Bad news, good news

Tuesday morning came quickly.   With Greg and my sister Marcia by my side, we went to meet my surgeon, Dr. Curcio and receive the detailed report about my breast cancer.   After saying our “hellos” and “nice to meet yous,” the first thing Dr. Curcio said was “You have an aggressive cancer.”  If she said anything after that, I sure didn’t hear it…I heard her voice but everything became muffled and indiscernible after that.  For a hundred reasons, I was so very glad that Greg and Marcia were there to listen specifically, since I couldn’t get past that first daunting reality.  Eventually I tuned back in and I heard more news that I needed to factor into the big picture.

The good news is that we caught it early, thanks to my Sarah who was persistent in getting me to speed up making my MRI appointment (she now confesses that she had a “bad” feeling…praise God for giving her the inkling)   I had no symptoms, no detectable lump.  I

It is currently Stage 1. However, the bad news is that it is a very aggressive form of cancer, her-2-neu positive, and in just a few short weeks it has doubled in size. So after the tumor board meets to discuss my case a week from Thursday, I will likely begin treatment right away. Treatment will likely be 6 rounds of chemotherapy, with 3 weeks between iv chemo treatments, then a 4-6 week rest, then surgery, then radiation. More good news is that the type of cancer I have is “very curable,” with nearly 90% success rate, and the fact that we are catching it early is very good.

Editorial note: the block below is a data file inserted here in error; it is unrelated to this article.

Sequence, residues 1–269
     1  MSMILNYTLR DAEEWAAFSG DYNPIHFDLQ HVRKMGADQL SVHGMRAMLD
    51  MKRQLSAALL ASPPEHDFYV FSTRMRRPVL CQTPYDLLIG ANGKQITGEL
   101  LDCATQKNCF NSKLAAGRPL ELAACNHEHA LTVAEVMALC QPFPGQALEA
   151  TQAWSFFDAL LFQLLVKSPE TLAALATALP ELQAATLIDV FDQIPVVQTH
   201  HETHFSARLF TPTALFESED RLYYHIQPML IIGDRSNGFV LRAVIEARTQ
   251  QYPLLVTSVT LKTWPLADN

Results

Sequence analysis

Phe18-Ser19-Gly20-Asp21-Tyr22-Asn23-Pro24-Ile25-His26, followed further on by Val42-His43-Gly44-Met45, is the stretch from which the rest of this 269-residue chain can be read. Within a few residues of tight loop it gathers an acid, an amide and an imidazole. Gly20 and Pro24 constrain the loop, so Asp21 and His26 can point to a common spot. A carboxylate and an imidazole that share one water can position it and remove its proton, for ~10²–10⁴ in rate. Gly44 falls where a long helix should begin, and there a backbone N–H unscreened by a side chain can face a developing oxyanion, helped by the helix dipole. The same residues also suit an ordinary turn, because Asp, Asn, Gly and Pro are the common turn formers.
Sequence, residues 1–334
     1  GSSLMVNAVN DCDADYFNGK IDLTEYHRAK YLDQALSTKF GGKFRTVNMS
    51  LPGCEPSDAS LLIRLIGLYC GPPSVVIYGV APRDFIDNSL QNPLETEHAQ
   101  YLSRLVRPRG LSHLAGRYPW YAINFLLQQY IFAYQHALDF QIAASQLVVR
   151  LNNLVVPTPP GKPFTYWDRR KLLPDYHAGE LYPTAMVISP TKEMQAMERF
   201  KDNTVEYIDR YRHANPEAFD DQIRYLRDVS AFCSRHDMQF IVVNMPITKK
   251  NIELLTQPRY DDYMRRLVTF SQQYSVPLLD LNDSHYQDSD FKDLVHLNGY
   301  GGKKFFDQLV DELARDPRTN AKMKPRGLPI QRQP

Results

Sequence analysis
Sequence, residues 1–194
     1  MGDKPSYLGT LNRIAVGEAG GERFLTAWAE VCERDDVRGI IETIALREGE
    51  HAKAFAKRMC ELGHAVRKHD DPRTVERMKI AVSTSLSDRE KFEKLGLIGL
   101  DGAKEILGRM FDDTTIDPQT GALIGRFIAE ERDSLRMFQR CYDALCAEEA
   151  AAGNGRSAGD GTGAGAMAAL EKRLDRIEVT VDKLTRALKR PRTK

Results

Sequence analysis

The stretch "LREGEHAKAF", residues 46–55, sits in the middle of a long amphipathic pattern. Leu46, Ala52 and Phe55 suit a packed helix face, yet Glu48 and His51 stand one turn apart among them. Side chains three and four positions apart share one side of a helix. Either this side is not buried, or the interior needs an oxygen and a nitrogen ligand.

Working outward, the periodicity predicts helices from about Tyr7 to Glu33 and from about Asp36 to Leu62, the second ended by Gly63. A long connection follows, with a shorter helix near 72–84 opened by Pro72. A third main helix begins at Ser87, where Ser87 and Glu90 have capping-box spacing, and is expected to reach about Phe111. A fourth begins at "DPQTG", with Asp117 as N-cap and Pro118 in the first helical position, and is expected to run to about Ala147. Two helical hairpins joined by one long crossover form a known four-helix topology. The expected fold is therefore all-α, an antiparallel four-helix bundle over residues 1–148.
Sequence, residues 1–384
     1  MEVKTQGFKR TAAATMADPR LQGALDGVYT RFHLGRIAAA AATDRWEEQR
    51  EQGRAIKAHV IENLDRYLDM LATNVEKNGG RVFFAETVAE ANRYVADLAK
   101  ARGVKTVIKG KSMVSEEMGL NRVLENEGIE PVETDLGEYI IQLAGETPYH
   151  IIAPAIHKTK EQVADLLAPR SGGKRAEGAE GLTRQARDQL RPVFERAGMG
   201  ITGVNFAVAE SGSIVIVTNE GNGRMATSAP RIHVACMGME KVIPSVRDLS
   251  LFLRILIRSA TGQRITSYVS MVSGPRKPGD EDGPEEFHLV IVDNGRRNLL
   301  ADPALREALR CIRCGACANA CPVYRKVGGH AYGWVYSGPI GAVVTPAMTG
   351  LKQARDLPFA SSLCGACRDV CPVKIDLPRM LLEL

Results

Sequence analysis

Dr. Curcio did say, upon reviewing the MRI with us, that there was another area of question that was not biopsied. She would confer with her in-house radiologist and we would possibly need a second biopsy.

I tried hard to take in everything that was said…but this was A LOT!  Remember, I had pretty much settled in to the fact that this would probably mean surgery, but I naively thought that that would be the extent of it.  In other words, I didn’t factor in a long term treatment plan that would include chemo, surgery and radiation. Basing it all on my mom’s experience 40 years ago.

Wow.  Ok.

The rest of the day was a blur, as our family tried to digest what we had just heard.  Marcia, Sarah and I went to go paint at Color-Me-Mine, so we could have a little fun and escape the burden of the morning. Nothing there looked the least bit appealing to paint (besides, just to paint one piece would cost between $50-$100!!! No thank you!) So instead we just walked around the mall, completely numb.  Sometimes laughing, sometimes in silence, sometimes in tears.

We returned home and had a great family dinner, just wanting to be together. Greg and me, Marcia, Michael, Valerie, Sarah and my second daughter Jori.  Lots of laughs, lots of tears.

May I just say how very blessed I am to have the family that I do?  They are my biggest source of strength and encouragement.


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